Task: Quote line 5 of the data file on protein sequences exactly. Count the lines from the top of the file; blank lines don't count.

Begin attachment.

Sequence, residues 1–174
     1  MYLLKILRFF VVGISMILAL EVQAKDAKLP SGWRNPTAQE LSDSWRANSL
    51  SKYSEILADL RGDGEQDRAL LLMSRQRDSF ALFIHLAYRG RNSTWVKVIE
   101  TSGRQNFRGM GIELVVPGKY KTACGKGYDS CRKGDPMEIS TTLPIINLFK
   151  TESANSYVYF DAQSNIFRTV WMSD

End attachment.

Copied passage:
   151  TESANSYVYF DAQSNIFRTV WMSD